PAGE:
Cookies on this website
We use cookies to ensure that we give you the best experience on our website. If you click 'Continue' we will assume that you are happy to receive all cookies and you will not see this message again. Click 'Find out more' for information on how to change your cookie settings.

Congratulations are in order to Rhodes Scholar Nchimunya Nelisa Tebeka, who has been awarded this year's Diabetes UK Early Career Investigator Award for her DPhil work. This award is awarded for the best basic or clinical science oral abstract presentation at the Diabetes UK Professional Conference.

Nelisa.jpgNchimunya Nelisa Tebeka, a DPhil student in the Christian Group and formerly the Cantley Group has been awarded the 2021 Early Career Investigator Award from the UK's leading charitable funder for diabetes research. This premier Early Career Investigator Award from Diabetes UK recognises the highest quality science to improve the understanding, prevention and treatment of Type 1 or Type 2 diabetes by early career researchers. 

Following shortlisting of her abstract, Nelisa was nominated to deliver an oral presentation on "The role of viperin in beta cell survival during the pathogenesis of type 1 diabetes" at the Diabetes UK Professional Conference 2021, held virtually on Friday 23 April, where she was announced the winner.

A virus inhibitory protein called Viperin has been studied for its role in protecting against viral attack. Interestingly, some studies have also identified the induction of Viperin in human pancreatic islets exposed to immune response mediators or viruses and in the blood of people at risk of type 1 diabetes. Type 1 diabetes results from the autoimmune destruction of pancreatic islets beta cells. Beta-cells produce insulin, a hormone that regulates blood glucose. Nelisa's research investigated the role of Viperin in immune-mediated beta-cell death, finding that Viperin might play a role in beta-cell survival during the development of type 1 diabetes.

Nelisa graduated with a BSc in Biochemistry and Cell Biology from Jacobs University Bremen in Germany in 2014, before undertaking a Master's degree at the Max Planck Institute for Marine Microbiology. In 2016, she was awarded the prestigious Rhodes Scholarship to read for a DPhil at DPAG. This award from Diabetes UK recognises and highlights Nelisa's scientific accomplishments in this field as a promising young researcher.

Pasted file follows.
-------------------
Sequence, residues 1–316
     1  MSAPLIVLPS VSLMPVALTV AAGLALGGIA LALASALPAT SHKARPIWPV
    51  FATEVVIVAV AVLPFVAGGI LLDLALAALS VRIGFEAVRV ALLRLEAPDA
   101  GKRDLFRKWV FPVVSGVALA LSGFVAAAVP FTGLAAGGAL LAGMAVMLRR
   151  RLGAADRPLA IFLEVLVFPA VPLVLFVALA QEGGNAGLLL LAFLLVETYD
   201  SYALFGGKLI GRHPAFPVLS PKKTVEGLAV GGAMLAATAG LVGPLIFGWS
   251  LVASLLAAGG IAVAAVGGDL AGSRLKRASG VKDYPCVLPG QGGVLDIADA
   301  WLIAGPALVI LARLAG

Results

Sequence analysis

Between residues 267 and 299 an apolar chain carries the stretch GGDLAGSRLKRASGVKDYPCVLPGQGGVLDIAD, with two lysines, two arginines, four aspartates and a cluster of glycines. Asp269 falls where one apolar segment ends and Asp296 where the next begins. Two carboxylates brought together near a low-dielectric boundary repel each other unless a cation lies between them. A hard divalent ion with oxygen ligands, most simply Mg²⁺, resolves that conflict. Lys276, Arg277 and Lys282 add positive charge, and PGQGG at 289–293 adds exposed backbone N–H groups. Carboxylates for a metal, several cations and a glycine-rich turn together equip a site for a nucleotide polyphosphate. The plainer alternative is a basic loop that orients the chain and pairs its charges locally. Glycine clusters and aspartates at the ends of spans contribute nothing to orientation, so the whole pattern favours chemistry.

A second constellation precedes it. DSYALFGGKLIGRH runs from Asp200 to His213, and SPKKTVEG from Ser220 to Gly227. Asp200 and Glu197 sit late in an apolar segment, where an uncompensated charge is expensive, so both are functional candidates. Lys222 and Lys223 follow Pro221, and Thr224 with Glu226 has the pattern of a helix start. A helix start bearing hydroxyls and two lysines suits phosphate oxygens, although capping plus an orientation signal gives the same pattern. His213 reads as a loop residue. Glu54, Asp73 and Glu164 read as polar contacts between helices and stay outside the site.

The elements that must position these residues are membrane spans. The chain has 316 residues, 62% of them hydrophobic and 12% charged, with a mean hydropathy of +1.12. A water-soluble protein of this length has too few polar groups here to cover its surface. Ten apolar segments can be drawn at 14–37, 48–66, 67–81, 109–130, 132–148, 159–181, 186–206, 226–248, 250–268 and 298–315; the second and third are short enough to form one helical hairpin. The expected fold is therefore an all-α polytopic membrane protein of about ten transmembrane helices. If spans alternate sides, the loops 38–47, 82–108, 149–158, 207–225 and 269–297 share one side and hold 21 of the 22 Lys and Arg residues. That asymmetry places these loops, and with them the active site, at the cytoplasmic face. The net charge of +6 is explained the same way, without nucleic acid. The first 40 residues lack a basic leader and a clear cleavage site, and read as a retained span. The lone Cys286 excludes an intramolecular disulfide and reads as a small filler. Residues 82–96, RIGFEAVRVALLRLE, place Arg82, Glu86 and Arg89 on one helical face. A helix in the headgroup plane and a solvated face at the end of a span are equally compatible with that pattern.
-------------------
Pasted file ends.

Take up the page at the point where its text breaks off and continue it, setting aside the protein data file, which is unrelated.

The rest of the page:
DiabetesUKannouncement.jpg

 

 

Similar stories

Randy Bruno named Academy of Medical Sciences Professor

Congratulations are in order for Professor Randy Bruno, who has been awarded an AMS Professorship. The AMS Professorship Scheme provides a package of support to biomedical and healthcare researchers taking up a full Professorship in the UK.

Nicola Smart appointed Associate Professor of Cellular and Integrative Physiology

The post is in association with a Tutorial Fellowship at Christ Church College.

Professor Irene Tracey CBE FMedSci nominated as next Oxford Vice-Chancellor

Congratulations are in order for Professor Irene Tracey, Warden of Merton College and former University Lecturer at DPAG, who has been nominated as the next Vice-Chancellor of the University of Oxford.

DPAG researchers showcased at premier European Society of Cardiology meeting

DPAG scientists across four research groups were highlighted at the major annual European Society of Cardiology basic science conference (FCVB 2022). Congratulations are in order for Dr KC Park on receiving the Young Investigator Award and to Dr Elisabetta Gamen on winning the Moderated Poster Prize.

Oxford Parkinson’s Disease Centre awarded £3.8 million to reveal the role of calcium in Parkinson’s

A collaborative research team led by the Oxford Parkinson’s Disease Centre (OPDC) has been awarded a £3.8 million Wellcome Trust Collaborative Award to study the function of calcium in dopamine neurons, and how this is plays a role in Parkinson’s. Their research will help explain how and why dopamine neurons are vulnerable in the disease and look at how they may be preserved.